Intrigo: Death of an Author
This film tells us that the gulf between what we want to know and what we can know may never be illuminated.
* This filmography is not intended to be a comprehensive list of this artist’s work. Instead it reflects the films this person has been involved with that have been reviewed on this site.
An interview with filmmaker Sam Mendes, co-writer Krysty Wilson-Cairns and actors George MacKay and Dean-Charles Chapman about their film, "1917."
Leading the Netflix movies was Marriage Story, which received six nominations.
An interview with writer/director Rian Johnson and actor Michael Shannon about Knives Out.
An extensive preview of the films being shown at the 55th annual Chicago International Film Festival.
Highly anticipated titles like Knives Out, Harriet, Jojo Rabbit, and A Hidden Life will be coming to the Chicago International Film Festival next month.
On 20 major premieres from the Toronto Film Festival that we'll be covering over the next two weeks.
The first wave of World Premieres announced for TIFF 2019.
While the gun barrel sequences in James Bond films have not changed a great deal visually, one element that has evolved constantly is the music.
An interview with director Edward Zwick about his death penalty drama, Trial by Fire.
Not only would Idris Elba make a great James Bond, the franchise has been building towards casting an actor of color anyway.
Two dozen of our favorite performances from 2017.
A preview of the 2017 Toronto International Film Festival, which starts tomorrow.
Brian Doan celebrates a James Bond classic.
Stephen Lane talks about his extensive collection of props from numerous revered films.
25 films we can't wait to check out during the summer movie season.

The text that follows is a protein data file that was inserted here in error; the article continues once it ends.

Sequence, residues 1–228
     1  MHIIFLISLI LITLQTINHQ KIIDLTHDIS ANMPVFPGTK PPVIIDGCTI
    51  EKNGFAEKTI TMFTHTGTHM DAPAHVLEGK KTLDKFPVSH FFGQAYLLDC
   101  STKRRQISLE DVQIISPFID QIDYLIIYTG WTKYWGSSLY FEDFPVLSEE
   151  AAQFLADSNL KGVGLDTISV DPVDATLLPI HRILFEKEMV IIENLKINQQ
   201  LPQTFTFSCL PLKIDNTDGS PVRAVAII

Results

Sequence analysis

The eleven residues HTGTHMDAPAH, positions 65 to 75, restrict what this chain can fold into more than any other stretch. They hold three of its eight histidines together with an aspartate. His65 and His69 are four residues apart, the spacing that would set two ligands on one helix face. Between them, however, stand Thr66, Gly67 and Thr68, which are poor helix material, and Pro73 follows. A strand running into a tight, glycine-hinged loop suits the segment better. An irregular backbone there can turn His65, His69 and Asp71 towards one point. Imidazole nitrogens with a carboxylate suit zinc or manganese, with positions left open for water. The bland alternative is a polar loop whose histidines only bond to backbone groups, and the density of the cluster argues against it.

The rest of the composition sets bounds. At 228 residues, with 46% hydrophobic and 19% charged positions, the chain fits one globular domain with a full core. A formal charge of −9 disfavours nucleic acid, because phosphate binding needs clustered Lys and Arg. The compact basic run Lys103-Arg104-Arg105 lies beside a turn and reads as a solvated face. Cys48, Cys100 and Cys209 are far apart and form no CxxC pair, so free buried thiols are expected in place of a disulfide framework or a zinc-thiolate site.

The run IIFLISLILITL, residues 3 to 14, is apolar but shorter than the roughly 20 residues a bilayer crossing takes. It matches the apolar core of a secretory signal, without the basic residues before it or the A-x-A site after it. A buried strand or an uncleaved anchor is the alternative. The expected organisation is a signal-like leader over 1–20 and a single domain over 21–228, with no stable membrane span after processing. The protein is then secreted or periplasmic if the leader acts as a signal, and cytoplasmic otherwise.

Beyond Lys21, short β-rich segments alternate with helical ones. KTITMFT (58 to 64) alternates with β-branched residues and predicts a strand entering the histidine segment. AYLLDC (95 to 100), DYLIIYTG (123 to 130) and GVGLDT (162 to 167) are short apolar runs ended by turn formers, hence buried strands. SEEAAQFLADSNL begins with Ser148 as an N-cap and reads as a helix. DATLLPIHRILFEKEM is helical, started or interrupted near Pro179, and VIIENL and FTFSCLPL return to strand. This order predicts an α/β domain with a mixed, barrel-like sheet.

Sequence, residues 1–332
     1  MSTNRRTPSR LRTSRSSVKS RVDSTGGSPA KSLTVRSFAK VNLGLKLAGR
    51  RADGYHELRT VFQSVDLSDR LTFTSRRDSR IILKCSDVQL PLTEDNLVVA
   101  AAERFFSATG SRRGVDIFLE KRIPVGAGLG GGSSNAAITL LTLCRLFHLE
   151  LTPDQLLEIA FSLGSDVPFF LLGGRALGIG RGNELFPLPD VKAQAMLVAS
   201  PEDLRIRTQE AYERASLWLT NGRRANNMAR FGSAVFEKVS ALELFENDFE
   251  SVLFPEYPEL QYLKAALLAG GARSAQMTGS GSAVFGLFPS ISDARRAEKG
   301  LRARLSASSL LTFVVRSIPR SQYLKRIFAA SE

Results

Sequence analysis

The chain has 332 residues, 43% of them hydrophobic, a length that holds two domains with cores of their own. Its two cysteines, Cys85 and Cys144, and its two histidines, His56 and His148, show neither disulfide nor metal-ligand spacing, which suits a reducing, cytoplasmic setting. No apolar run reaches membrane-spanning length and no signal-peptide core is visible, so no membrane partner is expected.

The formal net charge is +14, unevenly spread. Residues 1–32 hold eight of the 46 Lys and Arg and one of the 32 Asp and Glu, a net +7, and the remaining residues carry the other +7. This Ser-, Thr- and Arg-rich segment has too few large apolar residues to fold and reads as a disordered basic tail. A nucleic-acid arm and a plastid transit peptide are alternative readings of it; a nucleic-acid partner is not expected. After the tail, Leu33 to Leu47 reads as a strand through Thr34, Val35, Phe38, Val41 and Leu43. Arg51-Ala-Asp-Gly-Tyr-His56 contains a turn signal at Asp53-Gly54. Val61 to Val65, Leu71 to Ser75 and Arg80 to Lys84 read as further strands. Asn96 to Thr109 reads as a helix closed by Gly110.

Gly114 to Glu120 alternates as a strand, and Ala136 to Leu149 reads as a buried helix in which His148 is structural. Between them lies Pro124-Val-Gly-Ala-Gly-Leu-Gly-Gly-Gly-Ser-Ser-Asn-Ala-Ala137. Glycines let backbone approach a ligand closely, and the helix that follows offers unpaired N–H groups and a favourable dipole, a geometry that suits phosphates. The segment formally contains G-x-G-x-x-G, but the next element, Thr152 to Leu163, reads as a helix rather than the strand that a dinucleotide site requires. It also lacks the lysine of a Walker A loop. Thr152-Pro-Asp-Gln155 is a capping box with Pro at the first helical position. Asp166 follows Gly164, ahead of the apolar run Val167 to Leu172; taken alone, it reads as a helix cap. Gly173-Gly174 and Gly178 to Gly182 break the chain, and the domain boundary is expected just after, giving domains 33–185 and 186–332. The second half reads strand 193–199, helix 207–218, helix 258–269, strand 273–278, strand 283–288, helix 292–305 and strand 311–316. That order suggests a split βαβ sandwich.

FFC Gerardo Valero reexamines the 2015 James Bond film "Spectre" after the dust has settled.
FFC Gerardo Valero reports on his experience working as an extra on "Spectre."
Gerardo Valero looks at George Lazenby's only outing as James Bond, "On Her Majesty's Secret Service".
The completion of our countdown of twelve great Chirstmas-set scenes from the movies. Check out #4–#1.
The class gap caused by lack of Internet access; Andy Kaufman may be alive; Weinstein Co. wins MPAA appeal; "Carlito's Way" appreciation; Dunham and Kaling's brass tacks.
Alice Walker to release her journals; Captain Phillips' real crew doesn't love the movie (or the man); Charlie Hunnam drops out of "Fifty Shades of Grey"; Graydon Carter speaks; a real-life zombie drug on the rise.
Gerardo Valero offers an in-depth review of "From Russia with Love."
Marie writes: Last week, in response to a club member comment re: whatever happened to Ebert Club merchandize (turned out to be too costly to set up) I had promised to share a free toy instead - an amusement, really, offered to MailChimp clients; the mail service used to send out notices. Allow me to introduce you to their mascot...
Sam Mendes' "Skyfall" (2012) provides us with one of the best of all the twenty-something James Bond films. It is full of toys, though a different set of toys than we might expect, placing far more focus on the heroes' stories than the villain's plotting. Is there even a real Bond-girl in this movie? And, what about the Bond car? It seems strangely familiar. Rather, whatever traditional Bond characters and trinkets this film skips or skimps on, it replaces with gigabytes of substance. Like you, I have seen all the Bond films - most of them multiple times - even though some of them are just not that good. But, they are James Bond movies, so it becomes almost a duty to the Queen keep up with them as times continue to change. This one, thankfully, is fantastic.
"Skyfall" is a theatrical film in the same way that its director, Sam Mendes, is a theatrical filmmaker. That is, its approach to organizing space for an audience (the camera lens) is noticeably stagey. I mean that in a "value-neutral" way. I just mean the frame is frequently used as a proscenium and the images are action-tableaux deployed for a crowd -- whether it's the designated audience surrogates in the movie (bystanders or designated dramatis personae), or the viewers in the seats with the cup-holders. That's not to say it's uncinematic (it's photographed by the great Roger Deakins!), but many of the set-pieces in "Skyfall" are conceived and presented as staged performance pieces.